Regents talk budget, buildings

At their May meeting, University of Minnesota regents tackled how budget cuts would affect both current faculty and potential new recruits.

Kathryn Elliott

Four out of five initiatives to cope with deep reductions in state funding, as listed on University of Minnesota President Bob BruininksâÄôs website, deal with faculty salary and benefits.

For current employees, thereâÄôs a wage freeze, a voluntary retirement incentive option and increased medical premiums. New academic employees, also subject to the wage freeze, will be compensated with higher retirement contributions from the University.

A series of Board of Regents committee meetings Thursday centered on the scramble to make ends meet.

RegentsâÄô discussion on University faculty tenure and compensation revealed concerns about attracting excellent faculty during the wage freeze.

Provost Thomas Sullivan framed a presentation on salary comparisons by asking if the University is positioned âÄúto recruit and retain faculty of the highest quality.âÄù

âÄúThe answer appears to be no,âÄù Regent Maureen Ramirez later commented.

âÄúYou canâÄôt do this very often and stay competitive,âÄù Sullivan said after the presentation. However, he said, âÄúWeâÄôre not conceding that the quality of faculties is going down.”

During the policy review, new or recently re-appointed Regents David Larson, Laura Brod and David McMillan were the most vocal, asking questions about budget and salaries.

Brod asked whether colleges thought they could âÄúlock inâÄù larger budgets by giving more faculty tenure.

Larson commented that hefty benefits packages didnâÄôt seem to draw new, talented faculty as much as high salaries do.

The Board of Regents voted to approve recommendations for 160 faculty membersâÄô promotion, continuation or non-reappointment.

Only two of 97 faculty members who were evaluated for tenure and promotion to associate professor were denied tenure this year.

Despite this, Sullivan said, no one should assume that almost all faculty members at the University achieve tenure. About 58 percent of University faculty that came in seven years ago are now tenured.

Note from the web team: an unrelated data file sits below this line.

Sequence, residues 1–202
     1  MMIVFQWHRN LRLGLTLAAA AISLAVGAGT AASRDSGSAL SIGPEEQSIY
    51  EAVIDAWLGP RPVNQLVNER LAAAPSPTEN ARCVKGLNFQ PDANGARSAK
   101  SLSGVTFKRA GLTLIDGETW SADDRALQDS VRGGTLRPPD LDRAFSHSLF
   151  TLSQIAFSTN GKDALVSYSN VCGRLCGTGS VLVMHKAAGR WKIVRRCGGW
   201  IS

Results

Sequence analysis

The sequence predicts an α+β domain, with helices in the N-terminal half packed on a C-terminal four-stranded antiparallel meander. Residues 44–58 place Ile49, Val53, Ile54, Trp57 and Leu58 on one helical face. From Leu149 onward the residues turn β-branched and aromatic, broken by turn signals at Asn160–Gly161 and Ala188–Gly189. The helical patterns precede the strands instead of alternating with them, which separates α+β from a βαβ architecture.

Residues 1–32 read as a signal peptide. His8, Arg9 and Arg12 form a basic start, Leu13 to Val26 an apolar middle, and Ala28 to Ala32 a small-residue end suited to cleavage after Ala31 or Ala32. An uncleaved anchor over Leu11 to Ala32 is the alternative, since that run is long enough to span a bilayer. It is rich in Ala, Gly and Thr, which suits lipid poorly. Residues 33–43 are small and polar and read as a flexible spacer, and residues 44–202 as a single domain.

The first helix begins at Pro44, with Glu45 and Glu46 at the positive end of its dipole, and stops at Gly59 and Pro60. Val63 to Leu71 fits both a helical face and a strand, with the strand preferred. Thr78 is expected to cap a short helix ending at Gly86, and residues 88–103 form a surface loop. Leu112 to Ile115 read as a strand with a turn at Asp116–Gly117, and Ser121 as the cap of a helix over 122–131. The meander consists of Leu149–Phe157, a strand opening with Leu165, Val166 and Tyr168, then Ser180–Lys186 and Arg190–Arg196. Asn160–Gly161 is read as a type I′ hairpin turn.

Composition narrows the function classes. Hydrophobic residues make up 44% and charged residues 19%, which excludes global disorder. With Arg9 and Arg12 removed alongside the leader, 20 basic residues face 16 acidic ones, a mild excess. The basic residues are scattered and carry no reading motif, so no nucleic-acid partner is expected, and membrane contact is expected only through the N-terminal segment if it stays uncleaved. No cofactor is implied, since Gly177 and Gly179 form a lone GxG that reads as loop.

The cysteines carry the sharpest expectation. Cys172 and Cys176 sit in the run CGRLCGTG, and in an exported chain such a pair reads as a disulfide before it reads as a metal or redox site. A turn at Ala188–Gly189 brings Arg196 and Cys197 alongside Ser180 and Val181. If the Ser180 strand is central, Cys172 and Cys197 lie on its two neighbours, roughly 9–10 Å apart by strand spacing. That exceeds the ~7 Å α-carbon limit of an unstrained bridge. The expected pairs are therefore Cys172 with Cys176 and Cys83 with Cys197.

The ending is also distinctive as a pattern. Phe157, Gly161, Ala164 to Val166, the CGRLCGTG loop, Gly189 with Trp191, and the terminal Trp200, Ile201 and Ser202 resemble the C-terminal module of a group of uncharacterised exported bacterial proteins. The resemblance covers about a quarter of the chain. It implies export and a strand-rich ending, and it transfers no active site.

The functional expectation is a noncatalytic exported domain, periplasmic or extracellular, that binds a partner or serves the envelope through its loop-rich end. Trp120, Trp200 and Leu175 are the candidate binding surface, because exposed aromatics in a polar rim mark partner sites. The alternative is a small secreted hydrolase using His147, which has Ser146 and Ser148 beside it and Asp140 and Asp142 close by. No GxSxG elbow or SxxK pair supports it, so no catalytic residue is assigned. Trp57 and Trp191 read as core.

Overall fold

The culling out, he said, is like an NCAA tournament with a Sweet 16 and a Final Four, in the sense that the pool of candidates significantly decreases over the seven-year evaluation period.

Med School

The Finance and Operations Committee heard a financial overview of the Medical School geared toward âÄúcorrecting recent headlinesâÄù about its deficits.

The overview identified programs and areas at serious risk due to less state funding.

The Medical Education and Research Costs program, which funds organizations that provide clinical training, is at risk of major reduction or elimination, according to the presentation given by University CFO Richard Pfutzenreuter and Aaron Friedman, dean of the Medical School.

MERC funds partially come from federal Medicaid matching funds obtained by the Department of Human Services. The University estimates that $32 million will be cut from sites that train Academic Health Center students.

Another at-risk program, Graduate Medical Education, sponsors more than 80 residency and fellowship programs at nearly every hospital in the Twin Cities, its website said.

In 2010, $29 million âÄî about half the stateâÄôs total distribution to sponsored institutions âÄî funded University-related medical and residency expenses.

As a cost recovery effort, the Medical School negotiated $5.7 million toward administrative costs from the Metro Minnesota Council on Graduate Medical Education and affiliate hospitals.

Building shuffle

The Facilities Committee reviewed nine building demolitions and a decommissioning that will start this summer. Buildings scheduled to be demolished include Norris Hall, the Veterinary Anatomy Building, Wesbrook Hall and several houses owned by the University.

Wesbrook Hall, next to Northrop Auditorium, has been âÄúidentified for removalâÄù on all campus master plans since 1910. Eddy Hall, the oldest surviving building on campus, will no longer be used but will not be razed because of its historical significance.

The University estimates it will save almost $1 million in annual operating costs by tearing down or decommissioning the buildings.

Starting in July, Lind HallâÄôs first floor will get a $6.2 million renovation. The project will create a central hub for the College of Science and Engineering advising, student services and welcome center.